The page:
Sometimes the face of violence is stark and hypervisible … like the latest nightmare massacre in a US school where, this time, 19 children are gunned down in a Texas border town. Or the spectacle of mass murder the week before in Buffalo, with 10 people killed by an avowed white supremacist with a semiautomatic rifle.
But violence can also be slow, and unspectacular, even invisible – at least to those who are not its target. This week we look at two scenes of less visible violence. We highlight the story of immigrant women of color, denied abortion rights and reproductive health care. And we report on an NYC-based immigrant justice group fighting the state violence directed at queer and LGBT detainees in the US.
- Reproductive Justice for Immigrants
- Queer Detainee Empowerment Project (QDEP)
1. Migrant Women and Abortion Rights
The destruction of abortion rights in the US has the biggest impact on women of color, a fact that is often missing in mainstream media. Even less widely reported are the specific obstacles faced by immigrant women of color who seek an abortion.
Black, Brown, and Asian immigrants often face reduced abortion access due to language barriers, a problem that only grows as the number of community-based clinics declines. Traveling to find an abortion provider is difficult, expensive, and risky, especially for undocumented people. Medical insurance may be hard or impossible to get without legal status. For women locked inside the public/private US immigrant detention system, regulations governing reproductive health are confusing, vary widely from facility to facility, and may change overnight when a detainee is relocated.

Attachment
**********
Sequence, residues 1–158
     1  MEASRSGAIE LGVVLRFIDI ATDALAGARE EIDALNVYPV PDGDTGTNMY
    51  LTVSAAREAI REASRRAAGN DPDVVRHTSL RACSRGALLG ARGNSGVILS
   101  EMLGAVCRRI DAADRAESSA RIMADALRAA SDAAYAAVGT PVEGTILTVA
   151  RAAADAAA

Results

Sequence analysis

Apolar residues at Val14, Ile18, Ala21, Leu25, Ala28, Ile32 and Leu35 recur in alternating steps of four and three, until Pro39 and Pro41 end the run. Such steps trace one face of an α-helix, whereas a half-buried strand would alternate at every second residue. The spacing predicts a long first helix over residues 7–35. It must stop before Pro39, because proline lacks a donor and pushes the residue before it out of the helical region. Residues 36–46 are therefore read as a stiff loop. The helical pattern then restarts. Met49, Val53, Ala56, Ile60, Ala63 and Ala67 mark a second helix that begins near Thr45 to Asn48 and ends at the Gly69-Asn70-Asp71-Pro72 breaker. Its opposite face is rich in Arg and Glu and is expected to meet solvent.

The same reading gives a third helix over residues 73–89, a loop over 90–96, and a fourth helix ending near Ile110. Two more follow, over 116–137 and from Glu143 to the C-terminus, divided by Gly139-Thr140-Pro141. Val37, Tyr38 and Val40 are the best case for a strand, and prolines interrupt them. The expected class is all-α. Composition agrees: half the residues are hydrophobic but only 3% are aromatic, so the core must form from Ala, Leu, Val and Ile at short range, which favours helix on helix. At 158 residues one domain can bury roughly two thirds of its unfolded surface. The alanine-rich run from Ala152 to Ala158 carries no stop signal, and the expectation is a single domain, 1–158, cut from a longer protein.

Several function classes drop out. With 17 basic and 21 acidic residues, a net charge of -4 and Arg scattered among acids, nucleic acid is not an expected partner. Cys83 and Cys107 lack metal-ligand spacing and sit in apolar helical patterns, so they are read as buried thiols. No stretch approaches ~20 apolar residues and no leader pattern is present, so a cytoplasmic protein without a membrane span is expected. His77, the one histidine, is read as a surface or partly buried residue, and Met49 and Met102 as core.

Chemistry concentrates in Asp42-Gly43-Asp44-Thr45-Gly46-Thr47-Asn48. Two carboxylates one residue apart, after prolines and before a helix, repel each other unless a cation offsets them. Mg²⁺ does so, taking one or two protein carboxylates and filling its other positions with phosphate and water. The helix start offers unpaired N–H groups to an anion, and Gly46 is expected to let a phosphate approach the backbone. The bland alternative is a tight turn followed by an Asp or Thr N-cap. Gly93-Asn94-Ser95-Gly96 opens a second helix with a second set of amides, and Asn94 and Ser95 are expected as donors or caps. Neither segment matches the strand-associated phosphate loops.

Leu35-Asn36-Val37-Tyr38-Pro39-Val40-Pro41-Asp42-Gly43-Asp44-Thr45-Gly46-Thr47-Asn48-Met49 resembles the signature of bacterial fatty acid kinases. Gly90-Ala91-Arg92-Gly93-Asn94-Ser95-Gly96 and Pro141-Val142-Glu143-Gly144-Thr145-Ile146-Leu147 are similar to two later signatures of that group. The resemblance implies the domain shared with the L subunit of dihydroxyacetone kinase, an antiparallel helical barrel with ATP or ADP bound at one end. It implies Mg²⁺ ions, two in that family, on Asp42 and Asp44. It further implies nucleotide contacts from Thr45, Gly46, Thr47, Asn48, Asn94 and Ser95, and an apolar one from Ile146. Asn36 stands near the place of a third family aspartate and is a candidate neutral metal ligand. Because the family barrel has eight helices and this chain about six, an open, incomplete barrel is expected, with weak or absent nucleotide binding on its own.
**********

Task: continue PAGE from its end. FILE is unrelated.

Already struggling against a wave of racist violence, Asian American immigrant women are subjected to an extra layer of scrutiny as a result of anti-choice laws that target “sex-selective” abortions. Supreme Court reactionary Clarence Thomas has alleged that this sort of “feticide” is a common practice among “certain populations in the US,” even though this racial profiling myth has been thoroughly debunked. (Asian American women actually give birth to more female babies than white women do.) Legislation denying abortion if there is “suspicion” that it is being used for sex selection is popular on the Right as a stepping stone toward the complete elimination of abortion rights. This profiling is already enacted as law in several states and has been proposed in many others (including New York), as well as at the federal level.
The lack of abortion rights for migrants is particularly dire today along the US southern border. According to advocates, a large percentage of the Latina, Caribbean, African, and Indigenous women who risk the dangerous land route through Central America are sexually assaulted or raped while in transit, making abortion access even more urgent.